Book Review: The King's Damsel by Kate Emerson

Title: The King's Damsel: Secrets of the Tudor Court, No. 5
Author: Kate Emerson
Paperback, August 7, 2012; Gallery Books
Genre: historical fiction

I'm giving this a 4.5 rating, not just for this new book but for the entire series - five books! Great storytelling and weaving of romance into 16th century English history - the Tudor Court and its customs, intrigue, and of course, it's ladies.

The series has as its main characters minor ladies at court who served the Tudor queens in some capacity, mostly as ladies in waiting. Their observations and experiences as well as their personal stories give us an inside look at the complex life of the Tudors, in particular Henry VIII, his forbears, relatives, and the men and women who serve and surround him.

In The King's Damsel, Kate Emerson has given a name to an unknown woman referred to in historical letters as "the handsome young lady of the court" and the "damsel" that was a beloved of Henry VIII. This woman was also a faithful friend of Princess Mary, the king's daughter by his first wife, Catherine of Aragon. Emerson named her  character Thomasine (Tamsin) Lodge and filled in her story as a wealthy heiress sent to the royal court by her guardian to serve first Princess Mary and later, Anne Boleyn, who became Queen Anne, the second wife of Henry VIII.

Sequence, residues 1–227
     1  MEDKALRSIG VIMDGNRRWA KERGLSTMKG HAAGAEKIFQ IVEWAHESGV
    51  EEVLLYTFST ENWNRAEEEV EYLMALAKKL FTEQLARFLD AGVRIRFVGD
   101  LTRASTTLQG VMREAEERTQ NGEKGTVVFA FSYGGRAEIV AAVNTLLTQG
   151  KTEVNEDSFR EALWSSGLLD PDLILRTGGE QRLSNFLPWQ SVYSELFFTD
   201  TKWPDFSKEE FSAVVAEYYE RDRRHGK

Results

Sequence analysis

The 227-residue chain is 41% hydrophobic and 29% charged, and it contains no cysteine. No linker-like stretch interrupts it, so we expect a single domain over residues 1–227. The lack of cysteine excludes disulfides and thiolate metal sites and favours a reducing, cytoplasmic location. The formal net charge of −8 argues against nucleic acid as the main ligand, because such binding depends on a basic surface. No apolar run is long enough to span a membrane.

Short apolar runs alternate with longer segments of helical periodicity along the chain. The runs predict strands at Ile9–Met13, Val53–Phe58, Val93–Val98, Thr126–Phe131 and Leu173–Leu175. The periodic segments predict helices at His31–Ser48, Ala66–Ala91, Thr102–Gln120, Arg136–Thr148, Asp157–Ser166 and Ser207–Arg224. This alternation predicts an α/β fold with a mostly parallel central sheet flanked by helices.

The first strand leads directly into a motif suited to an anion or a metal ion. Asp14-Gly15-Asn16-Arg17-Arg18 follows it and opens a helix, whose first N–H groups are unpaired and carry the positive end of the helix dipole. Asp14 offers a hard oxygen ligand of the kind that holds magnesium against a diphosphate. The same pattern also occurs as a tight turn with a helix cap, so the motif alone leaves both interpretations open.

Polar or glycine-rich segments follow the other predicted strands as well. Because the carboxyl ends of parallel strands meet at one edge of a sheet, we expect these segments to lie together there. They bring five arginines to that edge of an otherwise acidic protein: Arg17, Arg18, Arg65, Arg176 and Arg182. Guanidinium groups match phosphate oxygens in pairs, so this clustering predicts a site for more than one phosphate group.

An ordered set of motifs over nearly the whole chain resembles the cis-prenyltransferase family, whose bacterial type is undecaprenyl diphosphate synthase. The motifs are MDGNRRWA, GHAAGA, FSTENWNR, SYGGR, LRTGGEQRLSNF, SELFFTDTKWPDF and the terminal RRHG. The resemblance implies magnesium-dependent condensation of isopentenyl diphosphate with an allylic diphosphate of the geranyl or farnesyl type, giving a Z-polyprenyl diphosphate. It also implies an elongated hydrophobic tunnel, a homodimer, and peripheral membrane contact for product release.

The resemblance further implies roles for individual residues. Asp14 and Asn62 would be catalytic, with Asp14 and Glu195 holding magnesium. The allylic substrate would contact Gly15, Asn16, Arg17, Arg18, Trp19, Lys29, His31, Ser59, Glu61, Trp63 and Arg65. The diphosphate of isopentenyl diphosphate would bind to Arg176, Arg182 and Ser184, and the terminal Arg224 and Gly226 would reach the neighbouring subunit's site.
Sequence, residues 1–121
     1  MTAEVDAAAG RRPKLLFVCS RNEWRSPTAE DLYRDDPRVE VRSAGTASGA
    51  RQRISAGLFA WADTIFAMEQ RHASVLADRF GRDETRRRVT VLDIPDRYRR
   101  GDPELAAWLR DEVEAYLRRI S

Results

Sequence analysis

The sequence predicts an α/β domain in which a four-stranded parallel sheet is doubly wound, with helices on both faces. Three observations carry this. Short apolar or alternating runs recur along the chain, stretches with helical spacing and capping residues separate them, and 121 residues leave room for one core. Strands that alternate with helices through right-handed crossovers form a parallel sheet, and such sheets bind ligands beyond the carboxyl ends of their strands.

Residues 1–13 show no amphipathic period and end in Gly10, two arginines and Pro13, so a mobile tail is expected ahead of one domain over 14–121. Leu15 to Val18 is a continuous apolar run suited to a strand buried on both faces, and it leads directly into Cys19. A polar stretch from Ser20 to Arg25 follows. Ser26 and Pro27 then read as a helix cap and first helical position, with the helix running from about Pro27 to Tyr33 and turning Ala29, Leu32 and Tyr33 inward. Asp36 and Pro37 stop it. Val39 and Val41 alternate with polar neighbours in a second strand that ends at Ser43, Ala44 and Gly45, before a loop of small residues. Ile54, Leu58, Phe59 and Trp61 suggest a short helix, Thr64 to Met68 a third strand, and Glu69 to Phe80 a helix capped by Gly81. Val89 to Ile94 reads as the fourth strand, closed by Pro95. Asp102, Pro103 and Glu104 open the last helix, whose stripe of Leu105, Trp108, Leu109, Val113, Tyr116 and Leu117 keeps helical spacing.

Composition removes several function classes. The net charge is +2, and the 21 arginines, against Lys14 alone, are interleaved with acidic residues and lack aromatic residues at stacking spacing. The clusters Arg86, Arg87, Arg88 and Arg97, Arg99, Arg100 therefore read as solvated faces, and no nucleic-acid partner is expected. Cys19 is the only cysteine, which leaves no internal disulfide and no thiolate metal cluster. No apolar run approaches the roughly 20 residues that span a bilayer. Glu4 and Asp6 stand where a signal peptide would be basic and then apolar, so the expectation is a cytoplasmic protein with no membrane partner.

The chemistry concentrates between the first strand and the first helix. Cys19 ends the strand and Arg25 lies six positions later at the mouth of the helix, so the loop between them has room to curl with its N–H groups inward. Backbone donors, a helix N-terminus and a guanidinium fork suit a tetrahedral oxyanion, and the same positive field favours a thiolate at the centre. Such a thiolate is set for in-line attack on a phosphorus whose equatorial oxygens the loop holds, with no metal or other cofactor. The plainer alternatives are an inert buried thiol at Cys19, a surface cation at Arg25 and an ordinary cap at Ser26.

At court, Tamsin spies for Princess Mary while serving as a lady in waiting for Queen Anne, sending secret messages about the goings on at court that could affect the Princess's claim as rightful heir to the throne. Tamsin also becomes the king's mistress, supposedly to try to influence him to favor his first daughter, whom Anne Boleyn wants to see disinherited in favor of her own child, Elizabeth.

So many tangled connections in the plot, but they are intriguing and the main characters do stand out. It also helps if you remember your English history.

I recommend this series to all lovers of historical fiction and Tudor history. This is the first series I've read set in this period and I must say it was worth reading all the books. I still have the fourth to finish, At the King's Pleasure, but enjoyed The Pleasure Palace, Between Two Queens, By Royal Decree, and this latest, The King's Damsel.  Happily, the novels don't have to be read in consecutive order.

Thanks to the publisher for complimentary copies of the books for my objective review.  

Oct 23, 2012

How To Love Wine by Eric Asimov

Teaser Tuesdays is hosted by MizB; choose sentences at random from your current read. Identify author and title for readers.

No longer did it seem advisable to me to pick bottles randomly at wine shops and to drink them without thought. Clearly I needed help. (p. 151)
How to Love Wine: A Memoir and Manifesto by Eric Asimov
Published October 16, 2012; William Morrow hardcover

Book description: Eric Asimov, the acclaimed chief wine critic for the New York Times, has written a combination memoir and manifesto, How to Love Wine. Asimov tells how he went from writing beer reviews for his high school newspaper on Long Island to the most coveted job in the industry. He evaluates the current wine culture, discussing trends both interesting and alarming, and celebrates the extraordinary pleasures of wine while, at the same time, questioning the conventional wisdom about wine. Throughout, he incorporates in-depth discussions of beautiful wines, both easy to find and rare. (goodreads)